An unfortunate case in point is a near attack by a coyote on a lady walking her small dog in Markham, Ontario January 11, 2018.
Nothing appears to have changed because of this incident. The Town of Markham website does not make mention of coyote concerns. The lesson learned from this incident for the City officials is the need for education of residents on how to scare away a coyote if it approaches you on the streets of Markham. Is that the best the City of Markham can do for the lady that was growled at and almost attacked by a coyote. This appears to be the same approach in Collingwood as we had a recent media reported attack on a dog (Town controls the reported coyote incidents).
If the coyote had killed the Markham lady’s dog; it appears nothing would be done – just another teaching moment to coexist. If the coyote bit the woman during the attack on her dog it is not clear what would have been done. The lady would have been blamed for not properly hazing the coyote or that particular coyote is a problem coyote which may warrant action – if they can find it or distinguish that coyote between it and the many in the area.
The actions by cities are to call in Coyote Watch Canada “CWC” and educate people on how to manage the conflict with coyotes with the goal of coexistence. To tell us it is unlikely that coyotes will harm us but small pets are at risk so change your lives and rights to freedom and safely to allow coyotes to roam at large. The Town of Collingwood is organizing a Coyote Watch Canada information session.
The women above screamed at the coyote, through snow at it and the coyote growled at her. How effective is the Coyote Watch education in this case. CWC will say small dogs are at risk so you are best to keep them inside away from coyotes. Is it not reasonable for this lady or any resident in a city such as Collingwood to be able to go for a walk with your dog and not be growled at by a wild animal, or have your dog attacked by a coyote. In Collingwood, there are packs of three coyotes in one area (Georgina Manor Drive) and a pack of seven in another (Sunset Point). It is logical that the risks are higher. This situation may not be in the stats of Coyote Watch Canada – and many of these sightings are not being reported to help form reliable information. This may be a growing concern which the government is slow to react to. It may take a human tragedy to understand the level of concern needed to take action to prevent coyote attacks.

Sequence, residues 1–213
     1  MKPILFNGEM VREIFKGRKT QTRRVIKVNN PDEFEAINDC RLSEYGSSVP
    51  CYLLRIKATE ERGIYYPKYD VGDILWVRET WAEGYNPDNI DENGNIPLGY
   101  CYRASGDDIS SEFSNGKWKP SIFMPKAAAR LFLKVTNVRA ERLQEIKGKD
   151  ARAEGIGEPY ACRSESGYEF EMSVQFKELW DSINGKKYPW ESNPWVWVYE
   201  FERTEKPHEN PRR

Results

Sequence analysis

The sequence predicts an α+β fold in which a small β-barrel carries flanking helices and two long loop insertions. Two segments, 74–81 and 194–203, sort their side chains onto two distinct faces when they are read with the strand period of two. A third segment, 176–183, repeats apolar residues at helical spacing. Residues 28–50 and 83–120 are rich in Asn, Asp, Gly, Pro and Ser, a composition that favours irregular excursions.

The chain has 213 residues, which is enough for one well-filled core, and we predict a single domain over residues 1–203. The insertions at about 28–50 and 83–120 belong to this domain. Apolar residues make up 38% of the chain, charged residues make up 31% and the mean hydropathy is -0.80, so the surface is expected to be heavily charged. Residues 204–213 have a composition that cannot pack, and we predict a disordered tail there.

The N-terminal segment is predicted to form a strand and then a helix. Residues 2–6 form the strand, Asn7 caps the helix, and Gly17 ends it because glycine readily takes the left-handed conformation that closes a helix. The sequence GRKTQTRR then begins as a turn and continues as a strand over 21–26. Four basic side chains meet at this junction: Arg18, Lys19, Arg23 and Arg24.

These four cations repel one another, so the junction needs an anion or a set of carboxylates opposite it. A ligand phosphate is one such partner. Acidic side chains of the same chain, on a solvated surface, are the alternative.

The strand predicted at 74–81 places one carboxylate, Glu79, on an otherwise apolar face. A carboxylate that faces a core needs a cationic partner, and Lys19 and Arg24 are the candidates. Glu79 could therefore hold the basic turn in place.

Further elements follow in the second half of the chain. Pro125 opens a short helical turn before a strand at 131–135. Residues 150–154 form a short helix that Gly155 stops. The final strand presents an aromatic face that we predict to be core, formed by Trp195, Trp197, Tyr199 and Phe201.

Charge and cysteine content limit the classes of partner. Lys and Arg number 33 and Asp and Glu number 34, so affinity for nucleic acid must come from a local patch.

Are our public parks areas safe accordingly to Coyote Watch Canada stats. If a pack of three wild coyotes frequent a park in Collingwood such as the Nip Spooner park on Georgian Manor Drive; are we suppose to accept the stats that it is unlikely they will attack children. Attacks have happened but it is uncommon according to Coyote Watch Canada so we should coexist with coyotes in our parks? Would any responsible parent take the assurances of Coyote Watch Canada stats (mandated to protect coyotes) and put their children near an area with wild unpredictable animals looking for food. The education of strategies to possibly save a child’s live are helpful but advocating that the long term strategy is to coexist is negligent as we are waiting for a tragedy to update the stats and take action.